How to Select and Set Up an HD TV Antenna

With cable companies bleeding their customers dry for channels they don’t even watch, many are considering “cutting the cord.” The rise of Internet streaming services gave hope to budget-conscious consumers. It finally seemed as though people could break ties with the cable companies. However, subscriptions to all of the streaming platforms quickly added up, negating any potential savings. There were also some significant drawbacks to eliminating cable, like losing access to your local news and sports.

Before you concede defeat, what if we told you there were high-definition channels that you could watch free of charge? It’s not a fantasy but rather a relic of an older era of television that many people forgot about: over-the-air broadcasting. The antennas of the past have made a comeback, offering sleek, elegant designs that are more sophisticated and powerful than their precursors.

HD TV antennas can pull in channels from many of your local affiliates like ABC, CBS, FOX, NBC, PBS and more. This means you can watch your local news, sports and primetime TV without paying a single cent.

Before you cancel your cable subscription and buy an antenna, you’ll probably want to know what channels you’ll be able to pull in. Fortunately there are a number of websites that can show you which channels are being broadcast in your area. Head to TVFool or AntennaWeb and punch in your address. Both websites will analyze the location of transmission towers relative to your location and present you with a list of channels you are likely to receive.

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TVFool has a lot of information but can be somewhat difficult to interpret. AntennaWeb doesn’t have quite as much technical data; however, it does present its findings a little more clearly. Ultimately both websites will tell you what you need to know, so which one you use is up to you.

Now that you have some idea as to which channels you’re likely to receive, you have to select an antenna suitable to your situation. There are two types: directional and omnidirectional. Directional antennas are oriented in one direction and are capable of pulling in transmissions from further away. Omnidirectonal antennas are able to pull in channels from all directions but are generally weaker. To determine which one is best for you, refer back to your results on TVFool or AntennaWeb. You’ll notice that along with a list of channels, there is a geographical map.

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This map will show a bunch of lines in relation to the location you previously entered. These lines represent the broadcast transmissions for each one of the channels. If all of the transmission lines are coming from a particular direction, grab a directional antenna. If the broadcasts are coming from all directions, pick up an omnidirectional antenna.

Once you’ve decided on a directional or omnidirectional antenna, you now need to consider whether to opt for an indoor or outdoor model. TVFool and AntennaWeb will also tell you how close you are to the broadcast towers in your area. If you live thirty miles or closer to the towers, then an indoor antenna will most likely do the job. If you live further away, then you’ll probably have to look into getting an outdoor antenna. Of course, these predictions won’t apply to everyone, as there are a number of factors that contribute to antenna reception. While distance to the transmission towers is important, there is one other thing you’ll want to consider.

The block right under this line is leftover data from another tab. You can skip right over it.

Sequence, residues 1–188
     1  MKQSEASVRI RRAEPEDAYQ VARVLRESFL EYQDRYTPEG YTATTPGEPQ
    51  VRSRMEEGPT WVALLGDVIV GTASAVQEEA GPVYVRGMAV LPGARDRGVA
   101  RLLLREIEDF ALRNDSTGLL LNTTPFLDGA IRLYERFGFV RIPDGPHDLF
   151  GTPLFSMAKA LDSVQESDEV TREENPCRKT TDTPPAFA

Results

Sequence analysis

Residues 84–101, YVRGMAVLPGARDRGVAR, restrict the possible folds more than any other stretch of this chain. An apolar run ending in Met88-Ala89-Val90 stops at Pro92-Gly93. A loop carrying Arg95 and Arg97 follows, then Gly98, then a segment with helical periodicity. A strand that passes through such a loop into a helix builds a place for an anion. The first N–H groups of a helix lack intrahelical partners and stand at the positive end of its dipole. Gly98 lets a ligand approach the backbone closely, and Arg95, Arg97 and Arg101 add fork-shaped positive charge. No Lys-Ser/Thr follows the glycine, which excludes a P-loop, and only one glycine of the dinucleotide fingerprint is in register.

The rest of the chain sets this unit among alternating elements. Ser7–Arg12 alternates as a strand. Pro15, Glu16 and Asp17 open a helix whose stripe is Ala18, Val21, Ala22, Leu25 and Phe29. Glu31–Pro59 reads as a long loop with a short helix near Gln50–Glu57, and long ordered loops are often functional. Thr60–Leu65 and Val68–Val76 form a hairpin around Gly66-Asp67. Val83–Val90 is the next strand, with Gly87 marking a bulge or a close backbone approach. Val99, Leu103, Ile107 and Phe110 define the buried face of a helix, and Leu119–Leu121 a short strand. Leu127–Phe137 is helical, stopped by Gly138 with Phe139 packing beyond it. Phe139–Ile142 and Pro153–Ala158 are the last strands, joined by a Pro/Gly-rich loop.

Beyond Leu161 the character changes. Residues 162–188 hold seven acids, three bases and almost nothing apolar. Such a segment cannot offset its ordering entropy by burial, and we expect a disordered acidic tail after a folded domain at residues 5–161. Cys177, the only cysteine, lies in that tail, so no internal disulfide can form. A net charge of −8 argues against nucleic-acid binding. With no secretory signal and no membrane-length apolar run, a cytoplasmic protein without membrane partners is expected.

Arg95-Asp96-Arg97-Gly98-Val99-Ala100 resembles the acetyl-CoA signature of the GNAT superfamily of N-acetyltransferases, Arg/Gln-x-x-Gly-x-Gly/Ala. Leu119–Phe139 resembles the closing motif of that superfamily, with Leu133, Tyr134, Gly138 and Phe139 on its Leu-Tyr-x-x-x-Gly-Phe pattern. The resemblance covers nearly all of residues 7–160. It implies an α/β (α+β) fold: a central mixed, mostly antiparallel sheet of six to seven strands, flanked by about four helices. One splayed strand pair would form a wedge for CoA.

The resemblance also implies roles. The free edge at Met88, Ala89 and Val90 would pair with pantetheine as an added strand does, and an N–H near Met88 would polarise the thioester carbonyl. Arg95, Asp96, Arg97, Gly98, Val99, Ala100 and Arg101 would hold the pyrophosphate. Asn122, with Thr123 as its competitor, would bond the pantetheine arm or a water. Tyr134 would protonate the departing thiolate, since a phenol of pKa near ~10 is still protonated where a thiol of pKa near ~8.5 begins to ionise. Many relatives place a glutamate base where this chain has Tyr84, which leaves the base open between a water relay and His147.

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Think about your surroundings. Is your “line of sight” to the broadcast towers obstructed by anything? While it’s not necessary to actually be able to see the towers, obstructions along the way can hamper the signal. Buildings, trees, mountains, etc., can all interfere with your reception. Outdoor antennas tend to be more powerful than the indoor variety. In addition, the outdoor models are not subject to impedances within your own home (e.g. walls).

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In today’s market you can find antennas with built-in amplifiers or add after-market ones to your existing antenna. In essence, amplifiers are intended to “boost” the broadcast transmissions that your antenna pulls in.

The danger of using an amplifier is that it doesn’t discriminate what it amplifies. That is if you live in an area with spotty reception (e.g. snow), you run the risk of amplifying that distortion. If you live far from your local broadcast towers and are having trouble pulling in channels, an amplifier might help. Just make sure you hang on to the receipt in case it makes matters even worse.

antenna-placement

Once you’ve settled on an antenna, you’re going to want to think about where you will place it. With outdoor antennas, you really only have to consider which direction it will be facing (unless it is omnidirectional). Indoor antenna placement, however, can make a huge difference in the quality and number of channels you receive.

  • As with outdoor directional antennas, if your indoor antenna is directional, you’ll want to place it so that it is facing the broadcast signal’s point of origin.
  • We mentioned before how a clear “line of sight” can drastically improve reception. While you can’t do much about buildings or trees, you can make sure your indoor antenna is near a window or placed against an outward facing wall.
  • Generally the higher an antenna is placed the better the reception.
  • Try a variety of different placements to see which one works best.

Do you use a high-definition TV antenna? Do you have any tips to improve reception? Is there anything we missed? Let us know in the comments!

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